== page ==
Submitted to: International Symposium and Workshop on Shiga Toxin ... Escherichia coli
Publication Type: Abstract Only
Publication Acceptance Date: 6/26/1997
Publication Date: N/A
Citation: N/A Interpretive Summary:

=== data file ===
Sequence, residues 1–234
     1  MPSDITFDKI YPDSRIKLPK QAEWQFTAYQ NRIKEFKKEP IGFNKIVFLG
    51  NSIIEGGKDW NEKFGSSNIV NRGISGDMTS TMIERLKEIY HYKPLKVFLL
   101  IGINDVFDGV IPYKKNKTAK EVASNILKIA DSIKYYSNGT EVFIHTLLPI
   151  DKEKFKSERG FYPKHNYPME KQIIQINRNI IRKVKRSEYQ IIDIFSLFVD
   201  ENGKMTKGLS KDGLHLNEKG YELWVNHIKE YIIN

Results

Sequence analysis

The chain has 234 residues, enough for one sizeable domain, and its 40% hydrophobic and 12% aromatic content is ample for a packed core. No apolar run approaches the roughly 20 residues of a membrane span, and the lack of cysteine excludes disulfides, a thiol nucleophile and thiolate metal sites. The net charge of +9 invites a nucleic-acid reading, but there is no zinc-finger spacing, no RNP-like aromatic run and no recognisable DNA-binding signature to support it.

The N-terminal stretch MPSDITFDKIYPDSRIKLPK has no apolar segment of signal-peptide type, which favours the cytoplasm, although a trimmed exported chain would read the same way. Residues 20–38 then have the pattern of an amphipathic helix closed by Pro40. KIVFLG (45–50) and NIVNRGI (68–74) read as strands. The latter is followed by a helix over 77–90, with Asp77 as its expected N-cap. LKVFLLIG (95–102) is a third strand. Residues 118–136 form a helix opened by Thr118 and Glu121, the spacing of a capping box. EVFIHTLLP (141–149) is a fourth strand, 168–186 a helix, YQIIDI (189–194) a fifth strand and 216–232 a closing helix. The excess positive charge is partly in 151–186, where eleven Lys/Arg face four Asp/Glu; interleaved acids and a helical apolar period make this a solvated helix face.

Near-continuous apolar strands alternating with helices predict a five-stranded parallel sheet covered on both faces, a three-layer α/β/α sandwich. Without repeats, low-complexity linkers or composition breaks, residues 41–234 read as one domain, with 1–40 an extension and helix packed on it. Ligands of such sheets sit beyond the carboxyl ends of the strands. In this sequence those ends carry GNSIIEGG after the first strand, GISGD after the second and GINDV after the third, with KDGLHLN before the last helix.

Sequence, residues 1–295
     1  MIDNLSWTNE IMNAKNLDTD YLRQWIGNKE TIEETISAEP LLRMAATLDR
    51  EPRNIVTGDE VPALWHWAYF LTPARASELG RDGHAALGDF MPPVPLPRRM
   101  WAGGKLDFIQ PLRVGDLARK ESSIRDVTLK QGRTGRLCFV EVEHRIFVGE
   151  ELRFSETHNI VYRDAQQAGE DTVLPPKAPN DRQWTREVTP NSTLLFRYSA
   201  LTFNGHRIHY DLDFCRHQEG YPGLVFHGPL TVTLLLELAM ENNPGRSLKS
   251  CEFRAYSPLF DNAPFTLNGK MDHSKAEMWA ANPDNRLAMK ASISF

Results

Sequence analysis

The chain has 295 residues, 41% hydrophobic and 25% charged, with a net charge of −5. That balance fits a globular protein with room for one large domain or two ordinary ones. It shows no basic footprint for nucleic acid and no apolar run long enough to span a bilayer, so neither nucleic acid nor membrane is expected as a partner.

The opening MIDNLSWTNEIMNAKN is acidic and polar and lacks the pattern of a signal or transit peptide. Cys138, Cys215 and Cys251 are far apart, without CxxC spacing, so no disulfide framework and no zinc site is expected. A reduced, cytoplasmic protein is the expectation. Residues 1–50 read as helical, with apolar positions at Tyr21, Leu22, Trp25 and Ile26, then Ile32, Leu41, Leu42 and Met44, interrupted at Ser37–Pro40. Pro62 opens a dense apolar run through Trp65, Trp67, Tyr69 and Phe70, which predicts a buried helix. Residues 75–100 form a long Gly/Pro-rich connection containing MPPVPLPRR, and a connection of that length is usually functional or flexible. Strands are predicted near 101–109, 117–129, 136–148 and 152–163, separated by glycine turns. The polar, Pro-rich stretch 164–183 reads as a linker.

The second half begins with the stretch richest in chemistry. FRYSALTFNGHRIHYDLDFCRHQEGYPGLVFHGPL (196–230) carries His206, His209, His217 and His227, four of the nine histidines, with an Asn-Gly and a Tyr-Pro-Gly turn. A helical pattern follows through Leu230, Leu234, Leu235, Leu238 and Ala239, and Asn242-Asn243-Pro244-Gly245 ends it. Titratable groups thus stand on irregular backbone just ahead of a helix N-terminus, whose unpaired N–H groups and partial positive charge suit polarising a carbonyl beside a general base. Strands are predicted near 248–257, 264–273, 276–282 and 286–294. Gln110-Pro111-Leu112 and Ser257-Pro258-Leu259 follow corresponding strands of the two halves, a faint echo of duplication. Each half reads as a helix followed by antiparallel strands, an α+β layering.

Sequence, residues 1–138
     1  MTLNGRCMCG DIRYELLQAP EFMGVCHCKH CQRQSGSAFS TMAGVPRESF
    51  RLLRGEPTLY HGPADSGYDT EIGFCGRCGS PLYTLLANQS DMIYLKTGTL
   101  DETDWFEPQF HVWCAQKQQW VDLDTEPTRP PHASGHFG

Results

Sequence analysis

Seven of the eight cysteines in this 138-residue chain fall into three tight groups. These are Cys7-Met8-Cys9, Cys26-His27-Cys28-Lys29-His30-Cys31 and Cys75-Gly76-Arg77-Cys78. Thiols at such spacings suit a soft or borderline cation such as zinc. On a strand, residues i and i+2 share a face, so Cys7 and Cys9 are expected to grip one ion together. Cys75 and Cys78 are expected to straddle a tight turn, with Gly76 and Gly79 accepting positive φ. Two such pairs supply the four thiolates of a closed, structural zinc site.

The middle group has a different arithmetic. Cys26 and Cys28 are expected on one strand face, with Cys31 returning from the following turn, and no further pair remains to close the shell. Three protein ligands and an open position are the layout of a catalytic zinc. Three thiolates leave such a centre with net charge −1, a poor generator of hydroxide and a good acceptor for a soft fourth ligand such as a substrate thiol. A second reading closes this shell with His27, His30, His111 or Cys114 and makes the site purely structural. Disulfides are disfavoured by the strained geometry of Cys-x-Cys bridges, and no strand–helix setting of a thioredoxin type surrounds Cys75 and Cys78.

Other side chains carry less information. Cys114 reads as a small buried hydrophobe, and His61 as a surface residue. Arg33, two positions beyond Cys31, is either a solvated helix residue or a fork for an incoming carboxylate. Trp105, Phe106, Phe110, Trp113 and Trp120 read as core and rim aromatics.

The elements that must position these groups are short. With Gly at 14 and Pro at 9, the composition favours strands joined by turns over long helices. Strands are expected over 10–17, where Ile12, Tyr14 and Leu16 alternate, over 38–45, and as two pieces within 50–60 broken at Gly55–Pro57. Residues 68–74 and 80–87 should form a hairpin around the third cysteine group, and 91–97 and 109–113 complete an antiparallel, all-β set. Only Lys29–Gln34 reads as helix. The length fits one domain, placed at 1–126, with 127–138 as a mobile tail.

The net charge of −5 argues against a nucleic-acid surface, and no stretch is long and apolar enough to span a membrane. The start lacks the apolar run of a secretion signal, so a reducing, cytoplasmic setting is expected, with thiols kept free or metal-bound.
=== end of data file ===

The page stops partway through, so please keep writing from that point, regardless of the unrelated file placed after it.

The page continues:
Technical Abstract: Cattle are an important reservoir of Escherichia coli O157:H7 and other enterohemorrhagic E. coli that cause hemorrhagic colitis and hemolytic uremic syndrome in humans. Both dairy and beef cattle are sporadically and asymptomatically infected with this organism and can shed E. coli O157:H7 long-term. We showed that neonatal calves <36 h old developed diarrhea and enterocolitis with attaching and effacing (A/E) lesions in both the large and small intestines by 18 h after inoculation with E. coli O157:H7. The severity of diarrhea and inflammation and the frequency and extent of A/E lesions increased by 3 d after inoculation and also were greater in calves inoculated before 12 h of age than in calves inoculated at 36 h of age. Weaned calves inoculated with E. coli O157:H7 after 48 h fasting did not develop diarrhea. However, 3 of 7 calves had A/E lesions in the large intestine and high levels of E. coli O157:H7 in feces. Intimin, an outer membrane adhesion protein, was required for the production of diarrhea and A/E lesions by E. coli O157:H7 in neonatal calves. Shiga toxin was not required for E. coli O157:H7 pathogenicity in neonatal calves, but Shiga toxin-producing strains colonized weaned calves better than did Shiga toxin-negative strains. Bovine models of E. coli O157:H7 infections are relevant for studying the pathogenesis of E. coli O157:H7 infections in cattle. These models will be useful for identifying ways to reduce the prevalence of E. coli O157:H7 in cattle and thus reduce the risk of E. coli O157:H7 disease in humans.